The number of stocks at a 52-week high must not be more than twice the number marking lows, the technical theory also says, according to analysts. The indicator is only valid in a rising market, as defined by the NYSE Composite Index’s rolling average value in the last 10 weeks. It must also occur when the NYSE McClellan Oscillator, a measure of market momentum, is negative.
The Hindenburg Omen must be confirmed with a second occurrence within 36 days, according to Riesner. He said the signal occurred seven times in 2008 as the S&P 500 posted its biggest annual drop since the Great Depression.
“It’s an interesting name but what you really have as a technical background is a classic distribution phase in the market,” Riesner said. “It’s the classic tug of war between bulls and bears that you have there.”
In technical analysis, investors and analysts study charts of trading patterns and prices to predict changes in a security, commodity, currency or index. UBS is ranked as the top bank for equity technical analysis and charting according to a 2010 Thomson Extel survey.
Wednesday, August 11, 2010
Social Security Lifts almost 70 thousand Elderly American Montanans Out of Poverty
Social Security Lifts 13 Million Elderly Americans Out of Poverty
So almost 70,000 Montanans would be in Poverty if it wasn't for Democrats Protecting social security. How shameful is it then that we have a Republican Representative Like Denny Rehburg that wants to kick our elders to the curb. Denny like every other Re-Thug out there wants to harm our grandparents by dropping social security! You be the judge and vote for him into office again in November, or look to a brighter future by voting for Dennis McDonald!
Almost 90 percent of people aged 65 and older receive some of their family income from Social Security.  Without Social Security benefits, 45.2 percent of elderly Americans would have incomes below the poverty line, all else being equal. With Social Security benefits, only 9.7 percent are poor. Some 13.2 million elderly Americans are lifted out of poverty by Social Security.
Social Security reduces elderly poverty dramatically in every state in the nation, as shown in Figure 1 and Table 2. Without Social Security, the poverty rate for those aged 65 and over would exceed 40 percent in 42 states. With Social Security, the elderly poverty rate in the large majority of states is less than 10 percent. Social Security lifts 1.1 million elderly people out of poverty in California and Florida, almost 900,000 in Texas, and 800,000 in New York.
Social Security Lifts More Than 1 Million Children Out of PovertySocial Security is important for children and their families as well as for the elderly. About 6 million children under age 18 (8 percent of all U.S. children) lived in families that received income from Social Security in 2008, according to Census data. Over 3 million children received their own benefits as dependents of retired, disabled, or deceased workers. Others lived with parents or relatives who received Social Security benefits. In all, 1.1 million children are lifted out of poverty by Social Security.
Social Security records show that 3.2 million children under age 18 qualified for Social Security payments themselves in December 2009. Of these, 1.3 million were the survivor of a deceased worker. Another 1.6 million received payments because their parent had a severe disability. And 301,000 children under 18 received payments because their parent or, in some cases, grandparent was retired.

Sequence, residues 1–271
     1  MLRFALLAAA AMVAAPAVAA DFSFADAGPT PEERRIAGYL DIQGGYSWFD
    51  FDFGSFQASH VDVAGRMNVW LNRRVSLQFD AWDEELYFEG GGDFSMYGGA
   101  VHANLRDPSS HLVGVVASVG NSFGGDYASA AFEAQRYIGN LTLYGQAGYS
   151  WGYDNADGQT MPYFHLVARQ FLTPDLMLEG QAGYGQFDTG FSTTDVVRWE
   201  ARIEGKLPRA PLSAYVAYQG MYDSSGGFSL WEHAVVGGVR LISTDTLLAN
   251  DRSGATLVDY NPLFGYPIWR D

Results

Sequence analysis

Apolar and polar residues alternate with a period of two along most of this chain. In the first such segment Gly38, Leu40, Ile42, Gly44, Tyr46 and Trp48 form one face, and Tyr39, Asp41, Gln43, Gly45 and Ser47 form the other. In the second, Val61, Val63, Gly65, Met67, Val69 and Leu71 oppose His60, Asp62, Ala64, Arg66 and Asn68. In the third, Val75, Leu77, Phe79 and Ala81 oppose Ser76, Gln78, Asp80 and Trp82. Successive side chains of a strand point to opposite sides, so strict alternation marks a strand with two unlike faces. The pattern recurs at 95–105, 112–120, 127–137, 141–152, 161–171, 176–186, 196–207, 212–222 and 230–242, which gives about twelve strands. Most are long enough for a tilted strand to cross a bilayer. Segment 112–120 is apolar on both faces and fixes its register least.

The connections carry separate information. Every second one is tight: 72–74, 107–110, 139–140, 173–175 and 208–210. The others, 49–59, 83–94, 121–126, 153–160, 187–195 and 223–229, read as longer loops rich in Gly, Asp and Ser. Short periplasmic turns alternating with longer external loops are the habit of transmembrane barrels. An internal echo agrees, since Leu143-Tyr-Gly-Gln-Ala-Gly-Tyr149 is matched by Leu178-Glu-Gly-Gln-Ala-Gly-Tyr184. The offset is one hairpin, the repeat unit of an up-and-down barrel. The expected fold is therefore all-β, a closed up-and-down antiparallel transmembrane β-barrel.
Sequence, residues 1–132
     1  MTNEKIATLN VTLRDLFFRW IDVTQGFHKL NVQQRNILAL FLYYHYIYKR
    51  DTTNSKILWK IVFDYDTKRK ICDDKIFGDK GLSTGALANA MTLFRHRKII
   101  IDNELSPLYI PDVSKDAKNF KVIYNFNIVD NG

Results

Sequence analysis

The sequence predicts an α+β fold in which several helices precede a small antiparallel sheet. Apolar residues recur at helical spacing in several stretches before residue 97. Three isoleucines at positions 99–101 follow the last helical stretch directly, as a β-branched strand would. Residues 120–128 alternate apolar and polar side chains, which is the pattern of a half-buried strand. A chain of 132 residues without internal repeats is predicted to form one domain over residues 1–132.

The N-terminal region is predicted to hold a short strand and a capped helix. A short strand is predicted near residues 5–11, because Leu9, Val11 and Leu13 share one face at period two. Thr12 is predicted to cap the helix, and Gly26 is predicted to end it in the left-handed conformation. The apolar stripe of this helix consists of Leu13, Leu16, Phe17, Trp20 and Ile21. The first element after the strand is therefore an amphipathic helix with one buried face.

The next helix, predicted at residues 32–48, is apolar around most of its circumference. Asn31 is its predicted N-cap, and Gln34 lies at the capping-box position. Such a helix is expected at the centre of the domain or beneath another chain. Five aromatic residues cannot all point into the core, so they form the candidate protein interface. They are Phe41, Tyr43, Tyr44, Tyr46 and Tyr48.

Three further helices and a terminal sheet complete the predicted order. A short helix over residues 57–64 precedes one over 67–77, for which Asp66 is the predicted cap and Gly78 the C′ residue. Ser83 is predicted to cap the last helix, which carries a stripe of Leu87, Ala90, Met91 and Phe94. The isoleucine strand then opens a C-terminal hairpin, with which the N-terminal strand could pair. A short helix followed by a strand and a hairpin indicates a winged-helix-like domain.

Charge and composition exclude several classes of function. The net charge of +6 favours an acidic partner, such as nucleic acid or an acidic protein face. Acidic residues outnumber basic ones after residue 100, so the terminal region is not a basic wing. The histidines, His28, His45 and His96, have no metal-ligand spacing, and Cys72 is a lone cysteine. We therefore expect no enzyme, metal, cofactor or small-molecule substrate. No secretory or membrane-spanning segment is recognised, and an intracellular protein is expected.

Read more Here
By Kathy Ruffing and James R. Horney
Some critics continue to assert that President George W. Bush’s policies bear little responsibility for the deficits the nation faces over the coming decade — that, instead, the new policies of President Barack Obama and the 111th Congress are to blame. Most recently, a Heritage Foundation paper downplayed the role of Bush-era policies (for more on that paper, see p. 4). Nevertheless, the fact remains: Together with the economic downturn, the Bush tax cuts and the wars in Afghanistan and Iraq explain virtually the entire deficit over the next ten years (see Figure 1).
The deficit for fiscal year 2009 was $1.4 trillion and, at nearly 10 percent of Gross Domestic Product (GDP), was the largest deficit relative to the size of the economy since the end of World War II. If current policies are continued without changes, deficits will likely approach those figures in 2010 and remain near $1 trillion a year for the next decade.
The events and policies that have pushed deficits to these high levels in the near term, however, were largely outside the new Administration’s control. If not for the tax cuts enacted during the presidency of George W. Bush that Congress did not pay for, the cost of the wars in Iraq and Afghanistan that were initiated during that period, and the effects of the worst economic slump since the Great Depression (including the cost of steps necessary to combat it), we would not be facing these huge deficits in the near term.
While President Obama inherited a dismal fiscal legacy, that does not diminish his responsibility to propose policies to address our fiscal imbalance and put the weight of his office behind them. Although policymakers should not tighten fiscal policy in the near term while the economy remains fragile, they and the nation at large must come to grips with the nation’s long-term deficit problem. But we should not mistake the causes of our predicament.
Taken from http://www.cbpp.org
Sunday, August 8, 2010
Even a Republican Mayor Knows theConstitutional rights of all Americans
We have come here to Governors Island to stand where the earliest settlers first set foot in New Amsterdam, and where the seeds of religious tolerance were first planted. We've come here to see the inspiring symbol of liberty that, more than 250 years later, would greet millions of immigrants in the harbor, and we come here to state as strongly as ever - this is the freest City in the world. That's what makes New York special and different and strong.